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Willmott Dixon v Robert West: Responsibility for subcontractors’ works

A recent case has reinforced the legal position that there are only limited situations where a contractor would be liable in tort for the actions and omissions of its subcontractors.

To what extent is a contractor responsible for its subcontractors’ work?

In a contractual claim, the answer will depend on the terms of the main contract, but the contractor will generally be fully responsible for the acts and omissions of its subcontractors insofar as they relate to the main contractor’s contractual obligations.

However, the position in a tortious claim has been less clear cut. Tortious claims in negligence can potentially be made even when the parties have no contractual relationship. Some clarity in this regard has been provided by the recent decision in Willmott Dixon Construction Limited v Robert West Consulting Limited [2016] EWHC 3291 (TCC).

Facts of the case

The claimant contractor claimed the defendant engineer had carried out the design of the underpinning of a gable wall negligently and that this caused damage to a party wall that delayed the project, and therefore caused the claimant to suffer loss and damage.

As part of its defence, the defendant alleged contributory negligence arising out of the works carried out around the party wall by the claimant’s subcontractor. A preliminary question that arose for the court was whether such a defence could succeed as a matter of law.

“The key protection for any employer is to make sure it has a contract in place with its contractor”

This required the court to address the following issues: did the claimant owe a non-delegable duty in tort in respect of the underpinning works carried out by its subcontractor, and, if so, was that duty capable of being relied on by the defendant in its allegations of contributory negligence?

Decision

The court held that the main contractor could not be vicariously liable in tort for the acts and omissions of its independent subcontractor unless they related to a non-delegable duty imposed on the main contractor.

Two potential non-delegable duties were identified: where the subcontractor was engaged in “extra-hazardous or inherently dangerous operations”, and where there is a withdrawal of support by the owner of one property which causes damage to the adjoining property.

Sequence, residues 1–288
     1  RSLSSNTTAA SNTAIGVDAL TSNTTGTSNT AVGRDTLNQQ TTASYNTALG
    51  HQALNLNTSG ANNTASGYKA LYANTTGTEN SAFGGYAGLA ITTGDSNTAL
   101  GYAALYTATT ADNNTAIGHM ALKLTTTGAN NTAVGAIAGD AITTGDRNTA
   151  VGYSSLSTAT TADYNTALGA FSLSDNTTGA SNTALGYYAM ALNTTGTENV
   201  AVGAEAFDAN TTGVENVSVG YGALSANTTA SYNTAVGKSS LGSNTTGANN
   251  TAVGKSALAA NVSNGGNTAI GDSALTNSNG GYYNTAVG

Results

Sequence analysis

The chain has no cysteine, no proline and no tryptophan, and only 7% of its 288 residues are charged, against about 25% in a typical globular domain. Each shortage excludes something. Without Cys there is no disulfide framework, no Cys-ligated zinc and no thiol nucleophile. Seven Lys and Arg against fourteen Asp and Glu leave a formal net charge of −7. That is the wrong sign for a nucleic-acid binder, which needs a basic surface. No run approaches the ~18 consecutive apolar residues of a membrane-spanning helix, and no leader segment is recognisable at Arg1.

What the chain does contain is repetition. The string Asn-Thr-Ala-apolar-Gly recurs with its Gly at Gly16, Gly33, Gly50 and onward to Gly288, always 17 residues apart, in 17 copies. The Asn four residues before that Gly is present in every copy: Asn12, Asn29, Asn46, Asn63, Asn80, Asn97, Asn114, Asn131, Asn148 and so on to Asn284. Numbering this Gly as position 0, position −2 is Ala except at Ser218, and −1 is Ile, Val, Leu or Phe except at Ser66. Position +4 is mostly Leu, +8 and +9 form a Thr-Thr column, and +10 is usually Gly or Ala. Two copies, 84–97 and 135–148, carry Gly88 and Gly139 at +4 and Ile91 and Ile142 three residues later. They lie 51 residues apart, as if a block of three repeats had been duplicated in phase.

“This case reinforced the legal position that there are only limited situations where a contractor would be liable in tort for the acts and omissions of its subcontractors”

The court found that the first of these exceptions was unlikely ever to apply unless the works were exceptionally or unusually dangerous, no matter what precautions were taken. The second exception did not apply because it could only arise between owners of neighbouring land.

The court went on to consider whether a non-delegable duty is relevant to contributory negligence at all and came to the conclusion that it was not. Contributory negligence is not dependent upon any sort of duty but is dependent on the claimant’s failure to look after itself.

What it means

This case reinforced the legal position that there are only limited situations where a contractor would be liable in tort for the acts and omissions of its subcontractors.

The decision highlighted that the scope of non-delegable duties is limited.

The key protection for any employer is therefore to make sure it has a contract in place with its contractor. Otherwise it would be left with only a potential claim in tort for defective works, which the main contractor could potentially defend on the basis that it had not acted negligently because it had subcontracted its works to a reasonably competent subcontractor (notwithstanding the difficulties in recovering certain types of financial losses in tortious claims).

Jorge Klien is an associate in the construction, engineering and projects team at Charles Russell Speechlys

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